Special Report
Education

Tennessee

January 04, 2005 3 min read
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Standards and Accountability: Tennessee has clear and specific standards in English, science, and social studies/history at the elementary and middle school levels, and in mathematics in all grade spans.

It is also closer than many other states to having standards-based exams in every core subject in every grade span. The state has standards-based tests in English, math, and science for elementary, middle, and high schools. It has standards-based tests in social studies/history in elementary and middle schools only.

The state’s grade dips because Tennessee relies heavily on multiple-choice items to measure student knowledge, with the exception of extended-response questions on English exams.

Tennessee publishes test data on school report cards and uses that information to help rate schools. The state provides help to schools that are rated low-performing. Schools that consistently earn low ratings face sanctions, such as school closure, reconstitution as charter schools, or loss of state money.

The state rewards high-performing or improving schools through its Incentive Awards Program.

Efforts to Improve Teacher Quality: Tennessee requires teachers to pass basic-skills and subject-specific-pedagogy tests to earn their licenses.

Future high school teachers also must pass subject-matter tests, but prospective middle school teachers seeking K-8 licenses do not have to pass tests in the subjects they plan to teach. However, the state plans to phase out those K-8 licenses in a few years.

While prospective high school teachers must major in the subjects they will teach, not all middle school teachers must complete a minimum amount of coursework in a particular subject.

Participants in any one of the state’s three alternative-route programs for teachers do not have to take tests or have majors or minors in their subjects before entering the classroom.

Once in the classroom, new teachers compile work samples and evidence of student growth, which are evaluated by state-trained assessors, to earn professional licenses. Assessors also conduct classroom observations of the teachers.

But Tennessee does not require and underwrite mentoring for its beginning teachers. It does, though, identify low-performing teacher education programs, based on the passing rates of their graduates on teacher-licensing exams.

School Climate: Reports from the National Assessment of Educational Progress background survey about levels of student engagement and parent involvement in schools all place Tennessee right around or below the national average.

But the state is one of the top-ranking states in the percentage of 4th graders who attend schools where physical conflicts are considered not a problem or only a minor problem by school officials.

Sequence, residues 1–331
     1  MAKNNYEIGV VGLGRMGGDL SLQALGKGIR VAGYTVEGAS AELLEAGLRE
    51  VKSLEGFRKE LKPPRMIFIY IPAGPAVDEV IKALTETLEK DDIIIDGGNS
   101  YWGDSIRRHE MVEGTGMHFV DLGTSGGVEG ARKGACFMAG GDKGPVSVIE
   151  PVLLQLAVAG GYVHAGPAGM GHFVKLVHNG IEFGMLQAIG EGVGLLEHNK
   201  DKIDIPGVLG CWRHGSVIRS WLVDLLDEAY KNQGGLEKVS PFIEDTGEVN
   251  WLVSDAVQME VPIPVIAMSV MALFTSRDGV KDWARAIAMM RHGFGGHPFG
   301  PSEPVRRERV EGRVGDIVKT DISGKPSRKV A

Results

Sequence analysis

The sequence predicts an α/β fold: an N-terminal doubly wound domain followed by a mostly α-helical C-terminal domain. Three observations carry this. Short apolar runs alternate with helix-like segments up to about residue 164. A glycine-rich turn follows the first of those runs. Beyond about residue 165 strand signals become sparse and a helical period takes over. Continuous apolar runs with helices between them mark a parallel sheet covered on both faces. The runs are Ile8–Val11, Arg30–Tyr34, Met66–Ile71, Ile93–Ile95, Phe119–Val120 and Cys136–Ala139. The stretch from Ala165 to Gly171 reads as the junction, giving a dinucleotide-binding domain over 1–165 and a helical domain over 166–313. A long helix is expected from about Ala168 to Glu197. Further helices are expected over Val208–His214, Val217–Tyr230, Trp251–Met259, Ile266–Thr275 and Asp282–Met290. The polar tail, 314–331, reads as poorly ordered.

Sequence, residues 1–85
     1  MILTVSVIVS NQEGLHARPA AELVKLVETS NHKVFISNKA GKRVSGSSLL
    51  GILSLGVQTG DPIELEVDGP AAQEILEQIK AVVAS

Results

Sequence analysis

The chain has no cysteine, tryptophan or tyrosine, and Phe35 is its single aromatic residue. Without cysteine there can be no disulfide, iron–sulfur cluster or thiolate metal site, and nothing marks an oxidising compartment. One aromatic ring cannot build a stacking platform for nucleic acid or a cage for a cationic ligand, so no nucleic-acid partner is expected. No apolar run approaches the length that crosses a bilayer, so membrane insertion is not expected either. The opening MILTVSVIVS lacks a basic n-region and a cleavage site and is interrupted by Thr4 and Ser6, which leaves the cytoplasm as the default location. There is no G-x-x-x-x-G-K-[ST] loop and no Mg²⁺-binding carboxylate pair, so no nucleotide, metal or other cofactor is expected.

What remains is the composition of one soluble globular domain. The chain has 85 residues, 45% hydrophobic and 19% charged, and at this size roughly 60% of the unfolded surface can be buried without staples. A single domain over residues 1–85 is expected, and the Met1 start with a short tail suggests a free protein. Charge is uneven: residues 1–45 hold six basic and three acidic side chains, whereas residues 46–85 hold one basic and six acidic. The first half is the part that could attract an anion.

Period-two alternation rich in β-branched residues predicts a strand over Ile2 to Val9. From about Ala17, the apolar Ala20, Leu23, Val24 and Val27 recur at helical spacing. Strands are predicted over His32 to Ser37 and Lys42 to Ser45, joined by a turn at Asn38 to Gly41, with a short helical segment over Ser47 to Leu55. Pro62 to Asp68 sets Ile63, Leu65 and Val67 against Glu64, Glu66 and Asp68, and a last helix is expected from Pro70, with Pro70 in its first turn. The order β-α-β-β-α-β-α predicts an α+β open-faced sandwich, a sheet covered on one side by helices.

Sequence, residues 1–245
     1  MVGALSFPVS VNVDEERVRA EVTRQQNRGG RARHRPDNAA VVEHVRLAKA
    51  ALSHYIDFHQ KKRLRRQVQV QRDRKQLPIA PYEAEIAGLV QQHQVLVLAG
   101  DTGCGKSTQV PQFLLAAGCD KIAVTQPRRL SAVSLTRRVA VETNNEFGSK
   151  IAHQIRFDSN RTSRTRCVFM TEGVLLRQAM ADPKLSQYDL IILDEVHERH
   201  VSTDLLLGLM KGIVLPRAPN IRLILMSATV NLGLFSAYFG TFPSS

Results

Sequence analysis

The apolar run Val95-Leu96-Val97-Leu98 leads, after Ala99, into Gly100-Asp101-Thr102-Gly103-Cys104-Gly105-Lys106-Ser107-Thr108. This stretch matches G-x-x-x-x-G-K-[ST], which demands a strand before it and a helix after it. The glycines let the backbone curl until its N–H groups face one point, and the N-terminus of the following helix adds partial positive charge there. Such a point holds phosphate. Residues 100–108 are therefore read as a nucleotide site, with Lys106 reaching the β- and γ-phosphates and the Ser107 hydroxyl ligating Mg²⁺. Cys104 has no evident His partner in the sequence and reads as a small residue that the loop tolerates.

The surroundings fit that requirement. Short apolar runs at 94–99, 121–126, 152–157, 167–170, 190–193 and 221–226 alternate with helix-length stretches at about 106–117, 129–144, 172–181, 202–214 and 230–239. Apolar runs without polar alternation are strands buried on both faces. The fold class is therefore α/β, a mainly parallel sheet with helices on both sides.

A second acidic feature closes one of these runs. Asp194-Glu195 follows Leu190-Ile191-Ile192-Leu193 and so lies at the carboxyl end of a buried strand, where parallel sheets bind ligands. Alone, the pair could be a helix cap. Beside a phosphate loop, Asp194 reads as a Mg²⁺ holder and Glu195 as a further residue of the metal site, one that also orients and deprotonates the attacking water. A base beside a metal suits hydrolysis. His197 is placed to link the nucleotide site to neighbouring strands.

The average elementary school class size, as reported by teachers on the federal 2000 Schools and Staffing Survey, stands at 19.7 pupils, which is 1.5 students below the national average. But class-size information is not included on school report cards.

Tennessee has a limited open-enrollment policy, and its charter school law is considered weak by the Center for Education Reform.

Equity: Tennessee ranks 33rd among the 50 states for inequality in the distribution of education revenue based on property wealth. The state’s wealth-neutrality score, which measures that relationship, shows a moderate relationship between education revenue and local property wealth in the state.

Tennessee has a positive wealth-neutrality score, meaning that, on average, wealthy districts receive more state and local funds for education than property-poor districts do.

Tennessee ranks 45th on the McLoone Index, and it has a coefficient of variation of 10.7 percent, indicating moderate discrepancies in per-pupil spending across districts.

Spending: Just under 1 percent of students in Tennessee attend schools in districts that spend at least the national average.

The state ranks 36th out of the 50 states and the District of Columbia on the spending index, which takes into account the percentage of students in districts spending at or above the national average and how far the rest of the state’s students fall below that benchmark.

In the 2001-02 school year, Tennessee spent $6,530 per pupil, or about 85 percent of the national average, $7,734. The state is well below average in its commitment of total taxable resources to education, at 2.9 percent. The national average is 3.8 percent.

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